Vast New Black Holes Shatter Record

They're 10 times the size of our solar system
By Kevin Spak,  Newser Staff
Posted Dec 5, 2011 1:15 PM CST
This artist's image provided by the University of Warwick shows a star being distorted by its close passage to a supermassive black hole at the center of a galaxy.   (AP Photo/University of Warwick, Mark A. Garlick)

(Newser) – Ready to have your mind boggled by the awe-inspiring scale of cosmological phenomena? Well boggle away: Astronomers have discovered two black holes bigger than any glimpsed before, with one weighing in as much as 21 billion suns, the New York Times reports. The other clocks in at a mere 9.7 billion suns—a figure that nevertheless dwarfs the previous record of 6.3 billion.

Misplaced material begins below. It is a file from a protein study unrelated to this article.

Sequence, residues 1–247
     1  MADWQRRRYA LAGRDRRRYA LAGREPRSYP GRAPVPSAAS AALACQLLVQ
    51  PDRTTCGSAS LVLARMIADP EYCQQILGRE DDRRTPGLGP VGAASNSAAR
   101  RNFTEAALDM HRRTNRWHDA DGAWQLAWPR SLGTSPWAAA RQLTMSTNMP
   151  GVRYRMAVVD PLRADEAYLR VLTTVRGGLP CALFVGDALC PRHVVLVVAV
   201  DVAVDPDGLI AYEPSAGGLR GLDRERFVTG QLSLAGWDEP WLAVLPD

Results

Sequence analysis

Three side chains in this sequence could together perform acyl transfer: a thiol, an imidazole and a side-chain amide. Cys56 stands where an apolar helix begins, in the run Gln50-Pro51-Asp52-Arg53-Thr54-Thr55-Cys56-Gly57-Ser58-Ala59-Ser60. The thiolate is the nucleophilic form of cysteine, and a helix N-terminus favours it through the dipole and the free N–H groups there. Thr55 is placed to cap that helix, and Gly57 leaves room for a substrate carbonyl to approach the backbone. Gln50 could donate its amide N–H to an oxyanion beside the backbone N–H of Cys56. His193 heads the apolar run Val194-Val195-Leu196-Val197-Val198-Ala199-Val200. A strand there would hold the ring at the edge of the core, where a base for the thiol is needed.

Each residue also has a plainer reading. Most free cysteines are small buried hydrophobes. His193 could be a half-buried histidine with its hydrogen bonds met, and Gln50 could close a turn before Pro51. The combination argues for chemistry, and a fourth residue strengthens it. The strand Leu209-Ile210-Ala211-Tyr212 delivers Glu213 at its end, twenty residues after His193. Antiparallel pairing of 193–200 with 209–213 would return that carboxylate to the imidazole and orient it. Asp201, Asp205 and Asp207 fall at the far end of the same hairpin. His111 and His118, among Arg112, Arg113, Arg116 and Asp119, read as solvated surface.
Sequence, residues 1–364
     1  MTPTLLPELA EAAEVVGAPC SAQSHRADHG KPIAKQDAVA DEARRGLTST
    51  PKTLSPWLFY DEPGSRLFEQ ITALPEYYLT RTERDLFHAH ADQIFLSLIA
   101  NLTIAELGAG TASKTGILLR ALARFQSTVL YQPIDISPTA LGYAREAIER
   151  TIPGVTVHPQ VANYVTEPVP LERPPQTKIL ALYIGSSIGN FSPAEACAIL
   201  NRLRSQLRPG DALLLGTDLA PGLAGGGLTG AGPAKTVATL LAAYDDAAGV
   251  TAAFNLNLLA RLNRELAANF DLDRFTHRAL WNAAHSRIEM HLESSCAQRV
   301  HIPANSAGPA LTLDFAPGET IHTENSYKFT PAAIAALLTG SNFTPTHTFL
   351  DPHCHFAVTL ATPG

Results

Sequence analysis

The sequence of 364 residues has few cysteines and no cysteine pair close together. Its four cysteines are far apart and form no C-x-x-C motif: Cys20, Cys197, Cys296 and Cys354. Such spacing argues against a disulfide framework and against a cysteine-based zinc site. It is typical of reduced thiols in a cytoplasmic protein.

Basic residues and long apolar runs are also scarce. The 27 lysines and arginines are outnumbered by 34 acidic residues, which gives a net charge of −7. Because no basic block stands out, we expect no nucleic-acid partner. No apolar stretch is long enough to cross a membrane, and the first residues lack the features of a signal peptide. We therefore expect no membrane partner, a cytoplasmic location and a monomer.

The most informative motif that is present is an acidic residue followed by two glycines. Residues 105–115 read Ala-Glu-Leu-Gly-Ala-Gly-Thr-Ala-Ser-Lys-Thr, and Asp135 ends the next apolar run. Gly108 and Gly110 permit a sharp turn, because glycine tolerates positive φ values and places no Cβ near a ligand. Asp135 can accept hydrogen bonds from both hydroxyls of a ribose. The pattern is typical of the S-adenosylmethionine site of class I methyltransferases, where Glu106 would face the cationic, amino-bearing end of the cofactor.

Both black holes lie at the center of galaxies—indeed, scientists now believe that such singularities lie at the heart of all galaxies, with larger galaxies hosting larger black holes. The larger of the two black holes, for instance, is at the center of the brightest galaxy in a cloud of about a thousand galaxies some 336 million light years away. Researchers say studying it could shed light on the role the black holes play in the creation of galaxies. (Read more black hole stories.)

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